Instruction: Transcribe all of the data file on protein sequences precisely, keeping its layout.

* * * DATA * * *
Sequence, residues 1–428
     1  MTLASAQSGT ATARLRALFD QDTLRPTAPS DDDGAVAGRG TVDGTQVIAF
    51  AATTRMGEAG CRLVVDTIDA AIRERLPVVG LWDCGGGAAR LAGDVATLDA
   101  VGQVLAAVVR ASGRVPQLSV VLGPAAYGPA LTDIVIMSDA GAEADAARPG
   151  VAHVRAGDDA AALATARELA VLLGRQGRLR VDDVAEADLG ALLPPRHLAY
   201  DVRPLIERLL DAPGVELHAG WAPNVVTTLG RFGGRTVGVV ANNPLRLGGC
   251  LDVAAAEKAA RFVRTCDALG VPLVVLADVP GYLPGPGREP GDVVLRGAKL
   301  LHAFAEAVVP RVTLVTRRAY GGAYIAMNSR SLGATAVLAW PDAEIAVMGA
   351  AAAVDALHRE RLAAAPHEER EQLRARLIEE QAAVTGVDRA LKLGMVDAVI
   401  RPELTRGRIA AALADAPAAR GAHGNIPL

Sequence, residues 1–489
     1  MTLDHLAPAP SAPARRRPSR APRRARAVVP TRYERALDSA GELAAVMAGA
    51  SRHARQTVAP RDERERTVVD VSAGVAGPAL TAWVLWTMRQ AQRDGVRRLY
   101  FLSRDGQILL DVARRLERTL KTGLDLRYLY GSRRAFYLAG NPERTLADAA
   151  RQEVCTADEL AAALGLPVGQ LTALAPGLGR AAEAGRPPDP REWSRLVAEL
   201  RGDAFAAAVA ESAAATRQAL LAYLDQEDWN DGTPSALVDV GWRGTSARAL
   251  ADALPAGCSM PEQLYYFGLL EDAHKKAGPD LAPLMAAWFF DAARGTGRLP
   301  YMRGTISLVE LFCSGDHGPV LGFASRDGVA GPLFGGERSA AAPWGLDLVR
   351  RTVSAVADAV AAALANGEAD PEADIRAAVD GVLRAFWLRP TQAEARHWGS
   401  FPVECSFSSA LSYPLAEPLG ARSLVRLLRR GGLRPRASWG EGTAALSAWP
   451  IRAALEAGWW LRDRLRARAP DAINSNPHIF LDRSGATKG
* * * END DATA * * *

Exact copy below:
Sequence, residues 1–428
     1  MTLASAQSGT ATARLRALFD QDTLRPTAPS DDDGAVAGRG TVDGTQVIAF
    51  AATTRMGEAG CRLVVDTIDA AIRERLPVVG LWDCGGGAAR LAGDVATLDA
   101  VGQVLAAVVR ASGRVPQLSV VLGPAAYGPA LTDIVIMSDA GAEADAARPG
   151  VAHVRAGDDA AALATARELA VLLGRQGRLR VDDVAEADLG ALLPPRHLAY
   201  DVRPLIERLL DAPGVELHAG WAPNVVTTLG RFGGRTVGVV ANNPLRLGGC
   251  LDVAAAEKAA RFVRTCDALG VPLVVLADVP GYLPGPGREP GDVVLRGAKL
   301  LHAFAEAVVP RVTLVTRRAY GGAYIAMNSR SLGATAVLAW PDAEIAVMGA
   351  AAAVDALHRE RLAAAPHEER EQLRARLIEE QAAVTGVDRA LKLGMVDAVI
   401  RPELTRGRIA AALADAPAAR GAHGNIPL

Sequence, residues 1–489
     1  MTLDHLAPAP SAPARRRPSR APRRARAVVP TRYERALDSA GELAAVMAGA
    51  SRHARQTVAP RDERERTVVD VSAGVAGPAL TAWVLWTMRQ AQRDGVRRLY
   101  FLSRDGQILL DVARRLERTL KTGLDLRYLY GSRRAFYLAG NPERTLADAA
   151  RQEVCTADEL AAALGLPVGQ LTALAPGLGR AAEAGRPPDP REWSRLVAEL
   201  RGDAFAAAVA ESAAATRQAL LAYLDQEDWN DGTPSALVDV GWRGTSARAL
   251  ADALPAGCSM PEQLYYFGLL EDAHKKAGPD LAPLMAAWFF DAARGTGRLP
   301  YMRGTISLVE LFCSGDHGPV LGFASRDGVA GPLFGGERSA AAPWGLDLVR
   351  RTVSAVADAV AAALANGEAD PEADIRAAVD GVLRAFWLRP TQAEARHWGS
   401  FPVECSFSSA LSYPLAEPLG ARSLVRLLRR GGLRPRASWG EGTAALSAWP
   451  IRAALEAGWW LRDRLRARAP DAINSNPHIF LDRSGATKG